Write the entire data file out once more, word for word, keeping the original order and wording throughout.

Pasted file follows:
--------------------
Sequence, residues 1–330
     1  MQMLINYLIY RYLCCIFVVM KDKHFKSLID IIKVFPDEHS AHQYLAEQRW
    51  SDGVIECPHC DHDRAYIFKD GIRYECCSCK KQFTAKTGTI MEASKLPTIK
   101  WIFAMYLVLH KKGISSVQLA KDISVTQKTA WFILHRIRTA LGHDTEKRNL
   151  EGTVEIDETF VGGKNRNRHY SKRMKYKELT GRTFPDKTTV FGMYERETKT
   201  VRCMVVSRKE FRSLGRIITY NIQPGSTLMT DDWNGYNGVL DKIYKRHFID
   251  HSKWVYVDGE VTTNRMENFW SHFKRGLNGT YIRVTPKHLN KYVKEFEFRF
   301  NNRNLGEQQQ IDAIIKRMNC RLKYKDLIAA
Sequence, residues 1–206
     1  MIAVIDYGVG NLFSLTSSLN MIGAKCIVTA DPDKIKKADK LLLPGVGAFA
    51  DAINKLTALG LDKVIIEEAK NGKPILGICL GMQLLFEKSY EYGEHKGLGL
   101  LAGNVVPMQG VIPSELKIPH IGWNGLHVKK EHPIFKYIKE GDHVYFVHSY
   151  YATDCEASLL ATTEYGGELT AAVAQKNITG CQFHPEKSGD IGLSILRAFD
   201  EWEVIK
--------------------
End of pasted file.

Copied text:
Sequence, residues 1–330
     1  MQMLINYLIY RYLCCIFVVM KDKHFKSLID IIKVFPDEHS AHQYLAEQRW
    51  SDGVIECPHC DHDRAYIFKD GIRYECCSCK KQFTAKTGTI MEASKLPTIK
   101  WIFAMYLVLH KKGISSVQLA KDISVTQKTA WFILHRIRTA LGHDTEKRNL
   151  EGTVEIDETF VGGKNRNRHY SKRMKYKELT GRTFPDKTTV FGMYERETKT
   201  VRCMVVSRKE FRSLGRIITY NIQPGSTLMT DDWNGYNGVL DKIYKRHFID
   251  HSKWVYVDGE VTTNRMENFW SHFKRGLNGT YIRVTPKHLN KYVKEFEFRF
   301  NNRNLGEQQQ IDAIIKRMNC RLKYKDLIAA
Sequence, residues 1–206
     1  MIAVIDYGVG NLFSLTSSLN MIGAKCIVTA DPDKIKKADK LLLPGVGAFA
    51  DAINKLTALG LDKVIIEEAK NGKPILGICL GMQLLFEKSY EYGEHKGLGL
   101  LAGNVVPMQG VIPSELKIPH IGWNGLHVKK EHPIFKYIKE GDHVYFVHSY
   151  YATDCEASLL ATTEYGGELT AAVAQKNITG CQFHPEKSGD IGLSILRAFD
   201  EWEVIK